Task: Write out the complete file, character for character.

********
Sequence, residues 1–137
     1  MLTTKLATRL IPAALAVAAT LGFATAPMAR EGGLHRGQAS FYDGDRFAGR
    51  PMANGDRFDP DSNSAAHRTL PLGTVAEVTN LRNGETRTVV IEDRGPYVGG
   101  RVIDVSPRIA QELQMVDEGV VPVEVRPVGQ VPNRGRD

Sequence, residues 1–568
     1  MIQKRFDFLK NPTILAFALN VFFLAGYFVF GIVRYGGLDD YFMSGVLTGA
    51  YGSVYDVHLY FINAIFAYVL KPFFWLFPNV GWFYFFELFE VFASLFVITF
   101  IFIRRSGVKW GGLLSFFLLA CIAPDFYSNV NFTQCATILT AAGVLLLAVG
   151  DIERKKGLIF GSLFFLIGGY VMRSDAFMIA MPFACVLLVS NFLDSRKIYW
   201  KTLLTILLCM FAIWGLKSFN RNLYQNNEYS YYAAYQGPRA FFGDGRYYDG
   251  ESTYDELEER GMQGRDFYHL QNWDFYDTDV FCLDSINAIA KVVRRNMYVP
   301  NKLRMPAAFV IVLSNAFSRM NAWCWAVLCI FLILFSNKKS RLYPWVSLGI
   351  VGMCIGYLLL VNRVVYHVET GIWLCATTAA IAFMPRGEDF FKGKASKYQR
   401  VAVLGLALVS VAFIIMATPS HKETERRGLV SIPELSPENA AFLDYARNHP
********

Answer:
Sequence, residues 1–137
     1  MLTTKLATRL IPAALAVAAT LGFATAPMAR EGGLHRGQAS FYDGDRFAGR
    51  PMANGDRFDP DSNSAAHRTL PLGTVAEVTN LRNGETRTVV IEDRGPYVGG
   101  RVIDVSPRIA QELQMVDEGV VPVEVRPVGQ VPNRGRD

Sequence, residues 1–568
     1  MIQKRFDFLK NPTILAFALN VFFLAGYFVF GIVRYGGLDD YFMSGVLTGA
    51  YGSVYDVHLY FINAIFAYVL KPFFWLFPNV GWFYFFELFE VFASLFVITF
   101  IFIRRSGVKW GGLLSFFLLA CIAPDFYSNV NFTQCATILT AAGVLLLAVG
   151  DIERKKGLIF GSLFFLIGGY VMRSDAFMIA MPFACVLLVS NFLDSRKIYW
   201  KTLLTILLCM FAIWGLKSFN RNLYQNNEYS YYAAYQGPRA FFGDGRYYDG
   251  ESTYDELEER GMQGRDFYHL QNWDFYDTDV FCLDSINAIA KVVRRNMYVP
   301  NKLRMPAAFV IVLSNAFSRM NAWCWAVLCI FLILFSNKKS RLYPWVSLGI
   351  VGMCIGYLLL VNRVVYHVET GIWLCATTAA IAFMPRGEDF FKGKASKYQR
   401  VAVLGLALVS VAFIIMATPS HKETERRGLV SIPELSPENA AFLDYARNHP